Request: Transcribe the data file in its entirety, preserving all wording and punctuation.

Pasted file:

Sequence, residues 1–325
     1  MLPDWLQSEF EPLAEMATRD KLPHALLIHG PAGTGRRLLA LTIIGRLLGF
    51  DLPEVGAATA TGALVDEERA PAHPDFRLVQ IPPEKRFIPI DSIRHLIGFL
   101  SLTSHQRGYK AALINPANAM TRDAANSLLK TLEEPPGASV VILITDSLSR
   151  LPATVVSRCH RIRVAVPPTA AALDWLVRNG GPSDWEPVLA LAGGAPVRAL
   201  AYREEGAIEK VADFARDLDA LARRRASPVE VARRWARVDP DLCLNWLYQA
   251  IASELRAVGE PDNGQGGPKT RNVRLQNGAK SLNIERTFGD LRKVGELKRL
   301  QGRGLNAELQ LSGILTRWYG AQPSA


Sequence, residues 1–325
     1  MLPDWLQSEF EPLAEMATRD KLPHALLIHG PAGTGRRLLA LTIIGRLLGF
    51  DLPEVGAATA TGALVDEERA PAHPDFRLVQ IPPEKRFIPI DSIRHLIGFL
   101  SLTSHQRGYK AALINPANAM TRDAANSLLK TLEEPPGASV VILITDSLSR
   151  LPATVVSRCH RIRVAVPPTA AALDWLVRNG GPSDWEPVLA LAGGAPVRAL
   201  AYREEGAIEK VADFARDLDA LARRRASPVE VARRWARVDP DLCLNWLYQA
   251  IASELRAVGE PDNGQGGPKT RNVRLQNGAK SLNIERTFGD LRKVGELKRL
   301  QGRGLNAELQ LSGILTRWYG AQPSA